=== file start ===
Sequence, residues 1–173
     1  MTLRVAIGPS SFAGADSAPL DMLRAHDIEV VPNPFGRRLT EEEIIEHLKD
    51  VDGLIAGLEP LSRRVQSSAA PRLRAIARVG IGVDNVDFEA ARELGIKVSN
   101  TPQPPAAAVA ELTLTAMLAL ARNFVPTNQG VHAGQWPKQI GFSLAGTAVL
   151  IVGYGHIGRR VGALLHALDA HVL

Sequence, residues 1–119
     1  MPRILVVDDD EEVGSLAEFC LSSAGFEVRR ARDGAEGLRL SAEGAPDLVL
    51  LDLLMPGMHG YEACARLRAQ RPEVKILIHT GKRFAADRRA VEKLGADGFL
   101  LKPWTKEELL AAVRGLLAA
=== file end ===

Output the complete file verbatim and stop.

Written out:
Sequence, residues 1–173
     1  MTLRVAIGPS SFAGADSAPL DMLRAHDIEV VPNPFGRRLT EEEIIEHLKD
    51  VDGLIAGLEP LSRRVQSSAA PRLRAIARVG IGVDNVDFEA ARELGIKVSN
   101  TPQPPAAAVA ELTLTAMLAL ARNFVPTNQG VHAGQWPKQI GFSLAGTAVL
   151  IVGYGHIGRR VGALLHALDA HVL

Sequence, residues 1–119
     1  MPRILVVDDD EEVGSLAEFC LSSAGFEVRR ARDGAEGLRL SAEGAPDLVL
    51  LDLLMPGMHG YEACARLRAQ RPEVKILIHT GKRFAADRRA VEKLGADGFL
   101  LKPWTKEELL AAVRGLLAA